The small cartoon on the Tax Policy Center's website shows a man's head with a gaping hole through it and the words "Stupid Tax Trick." The words refer to the proposal by Republican Sen. John McCain to suspend the 18.4 cents per gallon federal excise tax on gasoline between Memorial Day and Labor Day.
The presumptive Republican presidential nominee's suggestion was quickly picked up by Sen. Hillary Rodham Clinton, campaigning for the Democratic nomination. The idea, however, died a quick death in the Senate last week at the hands of a Democratic caucus drafting a bill aimed at giving relief from soaring gas prices. To many economists and others, the short tax holiday didn't make much sense.
"It's a terrible idea," says economist Eric Toter, coauthor of the article that accompanied the cartoon and was headlined, "What Were They Thinking???"
Undoubtedly, they were thinking politics. A new survey by the Kaiser Family Foundation found that paying for gasoline easily tops the list of economic woes seen by American families. Some 44 percent of those surveyed saw their gas bills as a "serious problem."
Sen. Barack Obama, Senator Clinton's rival for the Democratic nomination, did reject the idea. On this issue, he's "the only one that looks like a grown-up," comments Mr. Bixby.
President Bush also disapproved. Of course, he's not running for office.
Here's why critics say the gasoline-tax holiday plan is a bad idea:
•It wouldn't save the average consumer much money. If a driver uses 10 gallons a week, he or she would save about $26 during the three months – enough to buy seven or eight milkshakes. A driver with a long commute to work would, potentially, save more. So would the truck drivers who were circling the Capitol in a horn-blaring caravan last week, angered by the 24.4 cents per gallon tax on diesel fuel.
The problem, says Mr. Toter, is that the cheaper fuel would encourage Americans to drive more – say an extra trip to the beach. The end result – after increased summer demand stretches American refining capacity to the limit – would be even higher prices.
It wouldn't "do anything" for the consumer, Toter concludes. It would just boost the already record profits of refiners and oil companies.
•The gas-tax break would do nothing about United States dependence on imported oil, or, for that matter, on a limited supply of domestic oil. Contrariwise, it would add to consumption and to global-warming emissions.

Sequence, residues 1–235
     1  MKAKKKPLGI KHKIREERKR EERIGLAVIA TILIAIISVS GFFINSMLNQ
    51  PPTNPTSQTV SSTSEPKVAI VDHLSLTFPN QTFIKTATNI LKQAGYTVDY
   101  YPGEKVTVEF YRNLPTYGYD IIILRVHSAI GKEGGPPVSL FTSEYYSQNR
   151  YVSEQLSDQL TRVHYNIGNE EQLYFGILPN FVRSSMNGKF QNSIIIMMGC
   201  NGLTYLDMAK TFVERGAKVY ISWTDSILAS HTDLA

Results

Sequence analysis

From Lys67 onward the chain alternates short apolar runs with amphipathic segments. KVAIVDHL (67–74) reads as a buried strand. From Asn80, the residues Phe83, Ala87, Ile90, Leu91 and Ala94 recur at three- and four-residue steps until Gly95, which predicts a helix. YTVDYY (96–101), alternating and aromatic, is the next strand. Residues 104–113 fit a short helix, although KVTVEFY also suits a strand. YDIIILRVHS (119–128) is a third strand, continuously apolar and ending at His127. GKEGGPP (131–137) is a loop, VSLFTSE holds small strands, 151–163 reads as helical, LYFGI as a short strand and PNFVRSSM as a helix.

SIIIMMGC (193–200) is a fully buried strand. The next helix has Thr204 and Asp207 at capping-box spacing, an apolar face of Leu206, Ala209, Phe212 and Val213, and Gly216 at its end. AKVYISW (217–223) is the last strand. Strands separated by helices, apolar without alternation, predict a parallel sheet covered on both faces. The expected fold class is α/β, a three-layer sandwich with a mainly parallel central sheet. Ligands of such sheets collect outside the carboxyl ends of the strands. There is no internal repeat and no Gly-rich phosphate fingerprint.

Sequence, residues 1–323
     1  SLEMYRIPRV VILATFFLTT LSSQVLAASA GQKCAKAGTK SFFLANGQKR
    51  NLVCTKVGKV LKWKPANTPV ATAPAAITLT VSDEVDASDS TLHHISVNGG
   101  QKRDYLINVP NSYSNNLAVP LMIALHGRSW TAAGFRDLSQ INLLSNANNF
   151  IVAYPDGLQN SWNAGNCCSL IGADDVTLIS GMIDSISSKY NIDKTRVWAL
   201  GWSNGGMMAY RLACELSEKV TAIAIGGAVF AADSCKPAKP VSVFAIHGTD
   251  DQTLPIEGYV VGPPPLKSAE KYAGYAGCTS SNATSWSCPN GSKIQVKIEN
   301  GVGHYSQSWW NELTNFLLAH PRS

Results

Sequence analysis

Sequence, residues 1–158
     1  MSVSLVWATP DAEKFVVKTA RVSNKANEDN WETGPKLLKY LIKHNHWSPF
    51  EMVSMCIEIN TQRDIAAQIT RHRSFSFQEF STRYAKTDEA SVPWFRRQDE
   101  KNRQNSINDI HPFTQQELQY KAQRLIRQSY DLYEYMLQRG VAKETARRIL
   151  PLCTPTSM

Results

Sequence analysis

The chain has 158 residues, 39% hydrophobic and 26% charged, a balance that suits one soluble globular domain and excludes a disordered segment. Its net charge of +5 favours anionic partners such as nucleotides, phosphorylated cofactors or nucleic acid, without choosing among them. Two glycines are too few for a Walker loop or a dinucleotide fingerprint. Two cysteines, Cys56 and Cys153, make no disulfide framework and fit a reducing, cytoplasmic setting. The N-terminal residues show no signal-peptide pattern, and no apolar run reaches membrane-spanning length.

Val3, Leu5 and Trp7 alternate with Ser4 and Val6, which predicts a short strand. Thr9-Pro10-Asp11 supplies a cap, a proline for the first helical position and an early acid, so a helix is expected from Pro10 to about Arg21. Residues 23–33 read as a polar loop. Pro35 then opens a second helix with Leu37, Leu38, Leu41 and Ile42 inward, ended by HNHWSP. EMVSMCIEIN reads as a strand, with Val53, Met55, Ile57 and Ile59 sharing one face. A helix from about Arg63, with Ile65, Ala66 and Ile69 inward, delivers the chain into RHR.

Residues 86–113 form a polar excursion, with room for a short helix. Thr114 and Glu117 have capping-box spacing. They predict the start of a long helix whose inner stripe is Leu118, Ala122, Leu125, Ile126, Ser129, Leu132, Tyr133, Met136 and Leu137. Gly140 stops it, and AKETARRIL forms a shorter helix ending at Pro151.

"We are the laughing stock of Europe because we keep [gasoline] taxes so cheap," notes Matthew Simmons, chairman of a Houston-based investment bank for the energy industry, Simmons & Co. International.
The state gasoline tax, which ranges as high as 32.1 cents in Wisconsin and as low as 8 cents in Alaska, averages 28.6 cents a gallon. So, add in the federal tax, and the average tax totals 47 cents. Way low by European standards. In Germany, for example, gas is taxed at about $2 per gallon.
Only last January, a bipartisan commission appointed by Congress recommended a 40-cent boost over five years in the federal gas tax with revenues used to improve the nation's transportation system.
•The tax break would add to the federal deficit. Gas-tax revenues normally go to the Highway Trust Fund, which is used to maintain and improve the highway and public transit systems. One proposal in Congress would have substituted Treasury revenues for the lost HTF money.
•The change would be an administrative nightmare for the nation's retail sellers of gasoline.
"It would be a logistical challenge," says Jeff Lenard, spokesman for the convenience stores that sell 80 percent of the nation's gasoline supply.
At this time, Republicans and Democrats are busily trying to blame each other for the troubling high gas prices. For instance, sometimes more than once a day House Republican Leader John Boehner issues a press release teasing Speaker Nancy Pelosi for not presenting her long-promised "common sense plan" to lower gas prices.
For now, Washington is looking for other ways to hold down gasoline prices. One popular idea is to stop filling the Strategic Petroleum Reserve. At present it contains 701 million barrels, enough with private oil company reserves to substitute for imported oil for 118 days. It is being filled at a rate of 70,000 barrels daily, not a hefty amount compared with imports of 10.1 million barrels a day.
"We are addicted to petroleum, a source of energy which is gradually going to disappear," warns Michael Klare, who teaches international affairs at Hampshire College in Amherst, Mass. He says the US must really work on "alternative" energy sources.
That's not a short-term solution.